National City Releases Records Of Police Officer Who Shot Unarmed Man
Friday, April 5, 2019
Photo by Claire Trageser
National City released an internal report Thursday about an officer who shot an unarmed man in 2001.
Officer Aaron Steveson fired a single shot that killed 19-year-old Emmanuel Sotelo on Oct. 5, 2001. Sotelo had dropped a gun and fled from Steveson, resulting in a chase.
Then, according to the report, Sotelo stopped and turned "slightly to his right" while "his hands were in his waistband area."
Steveson said he feared Sotelo was still armed, so he fired a shot that hit Sotelo. Sotelo later died in the hospital.
The District Attorney at the time found the shooting was justified and not a violation of state law. Steveson was placed on administrative leave and then fired.
The investigation released under SB 1421, the new state law, includes the internal report assessing Steveson's actions. It found that in part because Sotelo was a gang member and was wearing baggy clothing, and because he had already dropped one gun, Steveson believed he was still armed.
"While being a gang member and wearing baggy clothing is not against the law, the possession of a concealed firearm is," the report says. "Running away from police to avoid arrest is also a crime. Should Steveson have chased Sotelo? Absolutely. Arresting criminals is what we expect our officers to do."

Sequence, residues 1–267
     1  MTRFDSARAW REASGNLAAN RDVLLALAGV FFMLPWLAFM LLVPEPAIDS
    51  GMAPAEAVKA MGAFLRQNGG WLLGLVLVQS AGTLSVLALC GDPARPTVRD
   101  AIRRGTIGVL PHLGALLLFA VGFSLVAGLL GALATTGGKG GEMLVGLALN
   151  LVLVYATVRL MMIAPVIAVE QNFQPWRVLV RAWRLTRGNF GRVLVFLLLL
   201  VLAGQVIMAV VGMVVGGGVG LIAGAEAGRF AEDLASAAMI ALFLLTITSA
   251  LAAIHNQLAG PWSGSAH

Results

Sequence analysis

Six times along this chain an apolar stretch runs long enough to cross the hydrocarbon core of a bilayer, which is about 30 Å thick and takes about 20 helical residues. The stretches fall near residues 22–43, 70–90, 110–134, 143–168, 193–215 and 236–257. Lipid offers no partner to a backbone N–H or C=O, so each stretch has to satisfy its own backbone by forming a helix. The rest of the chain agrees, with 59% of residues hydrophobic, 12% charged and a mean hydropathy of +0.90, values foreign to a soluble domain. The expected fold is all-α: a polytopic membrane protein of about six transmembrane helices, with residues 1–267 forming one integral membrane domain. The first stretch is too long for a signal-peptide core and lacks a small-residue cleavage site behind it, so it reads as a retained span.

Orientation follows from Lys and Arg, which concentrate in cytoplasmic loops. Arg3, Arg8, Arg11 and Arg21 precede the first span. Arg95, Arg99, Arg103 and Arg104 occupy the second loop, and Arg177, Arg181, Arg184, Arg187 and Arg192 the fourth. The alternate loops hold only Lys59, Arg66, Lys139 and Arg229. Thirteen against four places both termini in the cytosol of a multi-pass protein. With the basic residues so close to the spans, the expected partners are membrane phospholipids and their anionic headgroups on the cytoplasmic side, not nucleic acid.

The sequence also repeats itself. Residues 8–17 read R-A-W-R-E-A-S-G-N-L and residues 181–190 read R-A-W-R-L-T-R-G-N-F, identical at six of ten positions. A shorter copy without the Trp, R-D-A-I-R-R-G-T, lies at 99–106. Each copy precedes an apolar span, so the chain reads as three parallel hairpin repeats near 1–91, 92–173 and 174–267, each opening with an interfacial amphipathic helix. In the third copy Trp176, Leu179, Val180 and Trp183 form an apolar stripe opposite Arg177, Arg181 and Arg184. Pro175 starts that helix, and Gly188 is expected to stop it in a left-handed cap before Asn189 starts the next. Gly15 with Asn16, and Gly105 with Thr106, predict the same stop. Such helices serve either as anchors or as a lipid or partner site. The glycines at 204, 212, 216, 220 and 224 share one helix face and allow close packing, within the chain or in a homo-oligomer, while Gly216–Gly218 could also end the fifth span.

But, the report says, it was not reasonable for Steveson to shoot.
"While Steveson's fear was real and genuine, it is, regrettably, clearly unreasonable," it says.
"Thinking someone may have a gun is not enough to use deadly force," it continues. "Steveson did not see Sotelo holding a weapon. Sotelo was, in fact, unarmed and running away. Steveson was not in danger of death or serious injury."
The report finds that Steveson violated National City Police's policies on use of force, discharging firearms, performance of duty and judgement and discretion.
The shooting resulted in protests in the community, according to newspaper clippings included in the documents released Thursday. Protesters marched through the city and called on the California Attorney General to investigate the shooting.
The report released Thursday was the first in a batch of records expected from several local police departments.
SB 1421 says law enforcement agencies must make public internal reports about officers investigated for police shootings and use of force, and who were found to have committed sexual assault or lied during the course of an investigation.
Eight local police unions, however, sued, claiming only records from after the law went into effect in 2019 should be released. At the beginning of March, San Diego Superior Court Judge Eddie Sturgeon ruled the law applies to past records, but he put a hold on releasing them until March 29.
Now that the stay has expired, the police departments must begin releasing their records.
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